Auditory integration training for children with autism: no behavioral benefits detected

Am J Ment Retard. 2000 Mar;105(2):118-29. doi: 10.1352/0895-8017(2000)105<0118:AITFCW>2.0.CO;2.


Auditory integration training and a control treatment were provided for 16 children with autism in a crossover experimental design. Measures, blind to treatment order, included parent and teacher ratings of behavior, direct observational recordings, IQ, language, and social/adaptive tests. Significant differences tended to show that the control condition was superior on parent-rated measures of hyperactivity and on direct observational measures of ear-occlusion. No differences were detected on teacher-rated measures. Children's IQs and language comprehension did not increase, but adaptive/social behavior scores and expressive language quotients decreased. The majority of parents (56%) were unable to report in retrospect when their child had received auditory integration training. No individual child was identified as benefiting clinically or educationally from the treatment.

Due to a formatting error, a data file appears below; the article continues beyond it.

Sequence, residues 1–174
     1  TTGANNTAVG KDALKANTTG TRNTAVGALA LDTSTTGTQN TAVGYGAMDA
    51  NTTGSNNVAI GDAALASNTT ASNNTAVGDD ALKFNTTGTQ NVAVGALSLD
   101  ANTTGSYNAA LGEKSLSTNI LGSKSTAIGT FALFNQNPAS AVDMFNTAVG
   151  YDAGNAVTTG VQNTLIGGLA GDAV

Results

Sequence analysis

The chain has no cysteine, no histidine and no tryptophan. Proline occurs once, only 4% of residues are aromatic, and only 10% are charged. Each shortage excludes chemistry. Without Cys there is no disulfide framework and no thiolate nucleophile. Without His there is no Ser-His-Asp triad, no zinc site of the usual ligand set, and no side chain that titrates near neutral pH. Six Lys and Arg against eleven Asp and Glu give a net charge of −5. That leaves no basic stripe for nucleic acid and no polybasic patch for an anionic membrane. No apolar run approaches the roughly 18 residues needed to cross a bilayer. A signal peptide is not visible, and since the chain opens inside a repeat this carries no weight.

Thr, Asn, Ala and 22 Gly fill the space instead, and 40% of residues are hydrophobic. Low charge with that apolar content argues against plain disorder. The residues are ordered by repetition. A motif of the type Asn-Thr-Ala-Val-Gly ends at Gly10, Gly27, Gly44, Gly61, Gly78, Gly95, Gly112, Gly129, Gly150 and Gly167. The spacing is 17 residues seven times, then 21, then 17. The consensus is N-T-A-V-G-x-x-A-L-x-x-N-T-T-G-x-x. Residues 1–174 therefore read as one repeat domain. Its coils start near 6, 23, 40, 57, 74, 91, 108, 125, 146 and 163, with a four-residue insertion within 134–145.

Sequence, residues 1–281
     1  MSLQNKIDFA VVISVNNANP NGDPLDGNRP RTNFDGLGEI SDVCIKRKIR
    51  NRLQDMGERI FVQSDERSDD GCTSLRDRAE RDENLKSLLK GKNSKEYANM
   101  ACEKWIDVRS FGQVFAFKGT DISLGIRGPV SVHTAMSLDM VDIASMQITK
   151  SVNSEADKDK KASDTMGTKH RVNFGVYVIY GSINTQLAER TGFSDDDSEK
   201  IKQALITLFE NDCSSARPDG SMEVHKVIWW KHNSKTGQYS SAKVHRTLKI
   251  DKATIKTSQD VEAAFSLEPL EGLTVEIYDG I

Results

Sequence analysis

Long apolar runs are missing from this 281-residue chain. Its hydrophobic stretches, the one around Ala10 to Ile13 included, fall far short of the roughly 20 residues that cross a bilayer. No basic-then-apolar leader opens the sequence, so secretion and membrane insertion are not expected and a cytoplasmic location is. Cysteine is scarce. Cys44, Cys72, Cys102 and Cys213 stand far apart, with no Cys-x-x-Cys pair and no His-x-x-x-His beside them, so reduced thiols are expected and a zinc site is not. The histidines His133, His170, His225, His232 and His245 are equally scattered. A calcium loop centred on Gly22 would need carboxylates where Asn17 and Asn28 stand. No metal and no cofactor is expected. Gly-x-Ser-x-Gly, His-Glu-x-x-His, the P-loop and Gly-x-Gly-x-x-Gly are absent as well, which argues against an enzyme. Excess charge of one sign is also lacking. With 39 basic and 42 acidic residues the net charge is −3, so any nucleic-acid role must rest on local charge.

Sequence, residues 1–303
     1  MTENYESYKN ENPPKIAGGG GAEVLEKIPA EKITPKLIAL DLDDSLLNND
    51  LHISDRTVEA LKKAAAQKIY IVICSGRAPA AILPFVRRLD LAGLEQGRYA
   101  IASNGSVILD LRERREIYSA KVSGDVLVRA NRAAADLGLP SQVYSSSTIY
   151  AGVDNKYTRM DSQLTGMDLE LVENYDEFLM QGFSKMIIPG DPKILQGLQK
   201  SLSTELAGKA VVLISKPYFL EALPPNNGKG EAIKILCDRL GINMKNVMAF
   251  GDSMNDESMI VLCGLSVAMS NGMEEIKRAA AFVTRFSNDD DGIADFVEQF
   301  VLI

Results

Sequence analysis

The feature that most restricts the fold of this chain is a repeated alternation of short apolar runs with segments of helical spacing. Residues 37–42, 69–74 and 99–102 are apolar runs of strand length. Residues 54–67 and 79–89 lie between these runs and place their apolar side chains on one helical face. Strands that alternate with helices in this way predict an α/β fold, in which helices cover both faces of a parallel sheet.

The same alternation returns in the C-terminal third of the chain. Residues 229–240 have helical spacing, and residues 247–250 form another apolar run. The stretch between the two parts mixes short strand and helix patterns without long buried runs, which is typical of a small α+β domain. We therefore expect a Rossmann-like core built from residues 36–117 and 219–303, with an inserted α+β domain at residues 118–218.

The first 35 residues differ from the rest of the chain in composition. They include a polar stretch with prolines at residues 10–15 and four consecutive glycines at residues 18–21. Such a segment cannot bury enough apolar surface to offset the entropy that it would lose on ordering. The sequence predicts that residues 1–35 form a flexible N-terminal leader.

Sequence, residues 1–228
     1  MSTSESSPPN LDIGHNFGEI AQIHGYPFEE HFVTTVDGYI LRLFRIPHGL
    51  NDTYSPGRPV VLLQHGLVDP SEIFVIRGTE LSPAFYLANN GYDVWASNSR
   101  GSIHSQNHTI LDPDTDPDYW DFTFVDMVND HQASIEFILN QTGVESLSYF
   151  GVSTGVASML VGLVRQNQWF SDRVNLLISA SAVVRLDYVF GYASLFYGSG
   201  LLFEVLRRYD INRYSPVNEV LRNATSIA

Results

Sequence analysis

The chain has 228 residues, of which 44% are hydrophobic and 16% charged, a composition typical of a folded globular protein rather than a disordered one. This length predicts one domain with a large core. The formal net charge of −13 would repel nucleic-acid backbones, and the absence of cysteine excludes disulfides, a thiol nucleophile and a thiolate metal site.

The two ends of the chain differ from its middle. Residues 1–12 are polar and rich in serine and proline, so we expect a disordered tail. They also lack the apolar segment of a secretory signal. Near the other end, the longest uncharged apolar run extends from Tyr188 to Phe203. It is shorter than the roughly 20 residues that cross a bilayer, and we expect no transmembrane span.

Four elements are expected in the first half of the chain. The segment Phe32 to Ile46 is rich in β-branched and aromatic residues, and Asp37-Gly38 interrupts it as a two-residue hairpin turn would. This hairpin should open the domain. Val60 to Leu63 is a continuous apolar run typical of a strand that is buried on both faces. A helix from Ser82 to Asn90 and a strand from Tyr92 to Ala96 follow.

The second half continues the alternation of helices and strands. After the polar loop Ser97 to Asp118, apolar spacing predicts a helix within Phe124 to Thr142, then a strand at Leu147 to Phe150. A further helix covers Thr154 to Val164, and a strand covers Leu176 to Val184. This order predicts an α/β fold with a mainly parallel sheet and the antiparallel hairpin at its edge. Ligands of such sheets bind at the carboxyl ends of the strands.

Publication types

  • Clinical Trial
  • Randomized Controlled Trial
  • Research Support, Non-U.S. Gov't

MeSH terms

  • Acoustic Stimulation*
  • Autistic Disorder / therapy*
  • Child
  • Child Behavior Disorders
  • Complementary Therapies*
  • Cross-Over Studies
  • Faculty
  • Female
  • Humans
  • Male
  • Music Therapy / methods*
  • Observer Variation
  • Parent-Child Relations
  • Psychiatric Status Rating Scales
  • Statistics, Nonparametric
  • Treatment Failure